You can build a custom netting support out of copper pipe and fittings. Other than a hacksaw, no tools are needed.Photo/Illustration: Ruth Dobsevage
The Gates by Christo and Jeanne-Claude, Central Park, New York City, 2005
Photo by DirkZ under the Creative Commons Attribution License 2.0.
Without a netting, your resident birds and chipmunks may get the lion's share of the strawberry harvest. With one, you'll enjoy the tasty fruit.Photo/Illustration: Ruth Dobsevage
Photo/Illustration: Ruth Dobsevage
My little strawberry patch produces a modicum of berries in June, but we’d lose them all to the birds and the chipmunks without a netting. I used to throw a netting over the plants, but they would become entangled with it, and picking was awkward. Next, I lashed together a framework of uprights and crosspieces out of pruning offcuts, but the netting snagged on the supports. And the twigs would rot or break in a year or two.
|The old lashed twig support (above) was rickety, snaggy, and had to be shored up every spring. Its replacement (below) has weathered to blend in.|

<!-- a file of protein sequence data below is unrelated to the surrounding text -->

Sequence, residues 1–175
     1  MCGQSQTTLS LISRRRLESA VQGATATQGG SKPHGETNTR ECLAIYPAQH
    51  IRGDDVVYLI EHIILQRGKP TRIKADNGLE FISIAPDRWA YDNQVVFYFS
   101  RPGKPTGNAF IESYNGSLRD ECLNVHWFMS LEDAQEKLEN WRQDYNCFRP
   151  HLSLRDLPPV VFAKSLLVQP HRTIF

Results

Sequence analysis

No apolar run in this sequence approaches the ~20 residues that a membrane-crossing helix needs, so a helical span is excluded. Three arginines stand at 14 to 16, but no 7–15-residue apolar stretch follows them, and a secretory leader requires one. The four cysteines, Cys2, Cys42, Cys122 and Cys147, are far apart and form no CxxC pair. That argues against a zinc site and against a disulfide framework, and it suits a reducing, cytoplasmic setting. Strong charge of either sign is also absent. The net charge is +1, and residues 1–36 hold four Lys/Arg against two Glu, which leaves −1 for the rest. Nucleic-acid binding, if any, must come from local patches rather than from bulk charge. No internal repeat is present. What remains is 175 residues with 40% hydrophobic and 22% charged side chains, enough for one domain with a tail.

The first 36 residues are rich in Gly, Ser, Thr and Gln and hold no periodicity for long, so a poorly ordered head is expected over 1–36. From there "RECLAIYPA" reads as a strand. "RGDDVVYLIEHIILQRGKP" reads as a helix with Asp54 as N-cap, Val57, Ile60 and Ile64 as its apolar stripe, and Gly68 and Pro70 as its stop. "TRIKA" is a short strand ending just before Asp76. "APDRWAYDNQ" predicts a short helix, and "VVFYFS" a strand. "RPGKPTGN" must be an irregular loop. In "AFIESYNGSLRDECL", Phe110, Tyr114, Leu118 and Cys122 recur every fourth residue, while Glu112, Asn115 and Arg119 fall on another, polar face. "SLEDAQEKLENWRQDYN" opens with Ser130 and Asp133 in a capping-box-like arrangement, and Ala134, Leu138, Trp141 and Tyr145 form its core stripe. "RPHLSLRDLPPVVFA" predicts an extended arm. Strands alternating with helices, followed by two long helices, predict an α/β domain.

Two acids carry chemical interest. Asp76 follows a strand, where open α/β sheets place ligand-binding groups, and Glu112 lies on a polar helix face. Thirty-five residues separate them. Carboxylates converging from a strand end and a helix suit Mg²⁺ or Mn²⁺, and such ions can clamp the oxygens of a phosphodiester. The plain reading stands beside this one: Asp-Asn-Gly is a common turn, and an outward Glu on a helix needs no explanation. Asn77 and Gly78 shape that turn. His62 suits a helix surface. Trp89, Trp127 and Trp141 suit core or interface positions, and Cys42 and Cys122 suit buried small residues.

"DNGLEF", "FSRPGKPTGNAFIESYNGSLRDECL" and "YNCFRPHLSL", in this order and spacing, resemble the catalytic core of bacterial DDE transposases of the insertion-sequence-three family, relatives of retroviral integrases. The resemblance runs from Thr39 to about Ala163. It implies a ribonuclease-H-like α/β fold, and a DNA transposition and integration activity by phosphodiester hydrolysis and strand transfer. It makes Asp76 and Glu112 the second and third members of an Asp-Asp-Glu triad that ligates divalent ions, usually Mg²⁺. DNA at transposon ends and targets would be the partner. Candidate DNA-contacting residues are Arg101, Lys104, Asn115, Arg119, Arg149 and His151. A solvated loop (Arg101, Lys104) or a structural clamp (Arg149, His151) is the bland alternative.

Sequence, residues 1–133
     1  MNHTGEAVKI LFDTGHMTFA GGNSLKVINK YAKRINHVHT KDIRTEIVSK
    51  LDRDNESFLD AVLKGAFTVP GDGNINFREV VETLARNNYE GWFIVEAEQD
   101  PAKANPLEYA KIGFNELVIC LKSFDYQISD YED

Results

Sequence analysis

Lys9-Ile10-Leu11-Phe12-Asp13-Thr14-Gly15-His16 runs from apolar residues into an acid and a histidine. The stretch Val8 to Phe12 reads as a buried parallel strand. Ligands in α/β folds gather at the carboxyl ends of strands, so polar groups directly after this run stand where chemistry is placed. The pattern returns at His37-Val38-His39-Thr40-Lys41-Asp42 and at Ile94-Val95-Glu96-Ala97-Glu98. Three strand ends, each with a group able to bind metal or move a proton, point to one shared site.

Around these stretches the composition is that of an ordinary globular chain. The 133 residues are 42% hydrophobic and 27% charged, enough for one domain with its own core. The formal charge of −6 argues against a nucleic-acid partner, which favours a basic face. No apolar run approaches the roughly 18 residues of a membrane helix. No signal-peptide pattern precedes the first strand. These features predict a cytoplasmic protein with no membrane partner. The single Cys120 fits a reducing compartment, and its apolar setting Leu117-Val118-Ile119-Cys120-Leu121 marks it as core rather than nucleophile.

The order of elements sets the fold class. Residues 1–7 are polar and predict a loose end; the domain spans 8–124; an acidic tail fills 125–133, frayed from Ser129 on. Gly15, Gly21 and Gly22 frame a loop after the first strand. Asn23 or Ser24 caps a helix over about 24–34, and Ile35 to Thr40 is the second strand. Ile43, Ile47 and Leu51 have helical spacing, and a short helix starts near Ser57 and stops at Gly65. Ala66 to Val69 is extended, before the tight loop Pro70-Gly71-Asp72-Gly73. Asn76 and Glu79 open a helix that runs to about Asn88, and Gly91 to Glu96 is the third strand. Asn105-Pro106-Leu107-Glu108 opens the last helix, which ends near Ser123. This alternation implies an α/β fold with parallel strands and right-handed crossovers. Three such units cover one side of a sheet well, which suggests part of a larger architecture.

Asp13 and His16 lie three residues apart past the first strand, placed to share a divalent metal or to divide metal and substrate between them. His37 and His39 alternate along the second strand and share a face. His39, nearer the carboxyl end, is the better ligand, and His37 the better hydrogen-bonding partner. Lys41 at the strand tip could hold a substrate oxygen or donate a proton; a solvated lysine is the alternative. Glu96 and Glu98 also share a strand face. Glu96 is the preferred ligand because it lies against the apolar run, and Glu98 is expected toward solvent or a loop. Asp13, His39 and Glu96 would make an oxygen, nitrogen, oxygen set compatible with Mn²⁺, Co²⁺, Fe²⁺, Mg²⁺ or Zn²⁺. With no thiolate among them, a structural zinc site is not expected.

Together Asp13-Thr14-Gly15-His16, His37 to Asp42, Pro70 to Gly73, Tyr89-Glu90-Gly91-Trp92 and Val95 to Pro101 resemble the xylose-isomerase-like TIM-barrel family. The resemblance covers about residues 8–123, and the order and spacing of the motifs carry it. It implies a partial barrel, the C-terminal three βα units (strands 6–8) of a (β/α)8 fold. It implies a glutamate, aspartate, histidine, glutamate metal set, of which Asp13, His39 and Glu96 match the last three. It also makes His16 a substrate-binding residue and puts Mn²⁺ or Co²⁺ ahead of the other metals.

Now I have as sturdy and weatherproof support system for my strawberry netting. It shares the general appearance of The Gates, but none of its grandeur or expense.
This netting support was cobbled together from several 5-ft. lengths of 1/2-in. dia. copper pipe and a package of 90° elbow fittings, purchased at the local big-box store several years ago. Type M is the lightest and cheapest copper pipe, and it’s fine for this application. Nowadays, the same store sells 1/2-in. Type M in 10-ft. lengths, so it’s a little less convenient to transport unless you have a large vehicle.
With a hacksaw, I cut some of the pipes in half to form two uprights. A full-length pipe length more or less matched the width of the bed, so no cutting was needed. Assembly was simple and required no solder or adhesive. Installation? Just stick the assemblies in the ground a few feet apart, and drape the netting over. Now, picking the fruit is easy. Birds and chipmunks, eat your hearts out.
One of the advantages of this type of support is that it can accommodate beds that not perfectly rectangular (and none of mine are). You can just shift the assemblies to get the coverage you need.
I take down the netting in July. The frames could be dismantled, too, but it’s easier to leave them in place. Over the years, the copper has weathered to an unobtrusive dark hue. When snow covers the garden, it’s a nice reminder that a fruitful spring is on the horizon.
|More trellises to build:
• Freestanding Tomato Trellis
• Lashed Garden Trellises
• Copper Pipe Trellis
• Rustic Trellis
• Ultimate Tomato Trellis
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